Two groundbreaking scientists share america's largest medicine prize


Two groundbreaking scientists share america's largest medicine prize


America's largest prize for work in medicine, amounting to half a million dollars, is shared this year by two scientists, Elizabeth Blackburn of the University of California, San Francisco and Joan Streitz of Yale University, for their groundbreaking work in molecular research that opens up development of new and effective treatments for a range of diseases.

This is the first time that women have received the prestigious Albany Medical Center Prize in Medicine and Biomedical Research.

Blackburn is Morris Herzstein Professor of Biology and Physiology at UCSF. She has a worldwide reputation for her pioneering work on telomeres, the DNA sequences at the end of chromosomes (the "bookends" that hold everything together). She discovered the ribonucleoprotein enzyme telomerase, which strengthens telomeres.

Before this research, the "clock" of cellular life was a mystery to scientists. Telomeres becomes progressively shorter over the life of a cell and when they become too short, the cell dies. Blackburn showed that telomerase can add DNA back to the ends of telomeres and effectively turn back the clock.

Blackburn's more recent work with psychology has shown a link between low levels of telomerase and chronic stress that can lead to early onset of a range of age-related conditions such as neurodegenerative and cardiovascular diseases. She also hopes to find out if it is possible to stop cancer by manipulating telomerase.

President and chief executive officer of Albany Medical Center, James J Barba, who chaired the National Selection Committee, said:

"Dr Blackburn's studies of this fascinating enzyme and its effect on cellular aging may hold the key to prolonging life by helping to treat a variety of diseases and disorders from cancer to chronic stress."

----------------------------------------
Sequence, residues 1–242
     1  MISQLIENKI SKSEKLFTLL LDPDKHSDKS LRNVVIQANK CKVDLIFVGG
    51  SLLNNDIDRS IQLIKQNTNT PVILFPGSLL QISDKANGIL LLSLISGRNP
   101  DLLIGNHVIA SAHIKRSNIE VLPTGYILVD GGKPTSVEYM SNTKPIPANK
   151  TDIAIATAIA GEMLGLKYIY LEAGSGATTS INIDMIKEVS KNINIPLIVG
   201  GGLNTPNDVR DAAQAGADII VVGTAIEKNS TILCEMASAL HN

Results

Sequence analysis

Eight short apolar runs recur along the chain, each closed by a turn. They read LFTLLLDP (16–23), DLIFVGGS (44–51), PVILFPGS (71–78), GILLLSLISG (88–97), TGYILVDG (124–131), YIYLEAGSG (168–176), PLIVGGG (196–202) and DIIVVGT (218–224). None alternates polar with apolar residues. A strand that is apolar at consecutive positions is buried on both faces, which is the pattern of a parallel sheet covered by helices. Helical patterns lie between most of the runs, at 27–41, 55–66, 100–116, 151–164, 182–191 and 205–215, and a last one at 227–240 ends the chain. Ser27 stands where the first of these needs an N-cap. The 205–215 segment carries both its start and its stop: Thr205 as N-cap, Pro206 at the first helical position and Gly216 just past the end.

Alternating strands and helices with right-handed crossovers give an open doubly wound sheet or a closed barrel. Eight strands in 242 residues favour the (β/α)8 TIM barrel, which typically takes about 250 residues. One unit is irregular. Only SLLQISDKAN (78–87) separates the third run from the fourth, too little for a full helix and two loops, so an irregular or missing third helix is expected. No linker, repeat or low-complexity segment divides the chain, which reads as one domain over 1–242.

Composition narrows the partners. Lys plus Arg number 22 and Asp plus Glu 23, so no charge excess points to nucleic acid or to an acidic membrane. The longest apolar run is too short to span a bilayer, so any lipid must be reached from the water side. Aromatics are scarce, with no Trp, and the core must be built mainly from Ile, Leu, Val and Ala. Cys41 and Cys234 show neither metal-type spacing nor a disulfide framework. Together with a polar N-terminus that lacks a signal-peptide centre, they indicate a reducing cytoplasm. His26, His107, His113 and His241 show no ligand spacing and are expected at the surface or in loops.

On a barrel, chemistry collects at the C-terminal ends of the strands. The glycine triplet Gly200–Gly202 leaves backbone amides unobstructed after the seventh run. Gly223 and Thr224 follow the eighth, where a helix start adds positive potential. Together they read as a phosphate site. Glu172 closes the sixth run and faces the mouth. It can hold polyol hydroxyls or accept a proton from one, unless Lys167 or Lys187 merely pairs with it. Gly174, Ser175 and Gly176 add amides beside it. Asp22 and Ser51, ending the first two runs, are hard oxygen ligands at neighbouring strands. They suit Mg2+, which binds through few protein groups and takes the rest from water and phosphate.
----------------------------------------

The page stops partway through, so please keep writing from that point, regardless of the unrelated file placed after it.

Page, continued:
Steitz is Sterling Professor of Molecular Biophysics and Biochemistry at Yale. She achieved global recognition when she found out how small ribonucleoproteins (snRNPs) behave in pre-messenger RNA, the earliest product of DNA transcription. She discovered that snRNPs get rid of introns, the useless chunks of DNA and pre-messenger RNA, by "splicing" them out and then joining the severed ends together to make messenger RNA. Messenger RNA then instruct the production of proteins, the essential building blocks of the body's biology.

Steitz's work shed light on the formation of proteins, and especially on the intricate transformations that occur as the immune system and brain develop. Understanding more about the "splicing" function of snRNPs may lead to discoveries about how to prevent many human diseases.

Barba said that:

"Many scientists believe that Dr Steitz's research may ultimately lead to breakthroughs in treating a variety of autoimmune diseases including lupus."

"Dr Steitz and Dr Blackburn are among the greatest scientists of our generation. The potential impact of their research is extraordinary and we all owe them a great debt of gratitude," he added.

The Albany Medical Center Prize in Medicine and Biomedical Research started in 2000 with a 50 million dollar endowment from the Marty and Dorothy Silverman Foundation to enable the prize to be given annually for 100 years. The late Morris "Marty" Silverman was a businessman from New York.

Source: Albany Medical Center press release.


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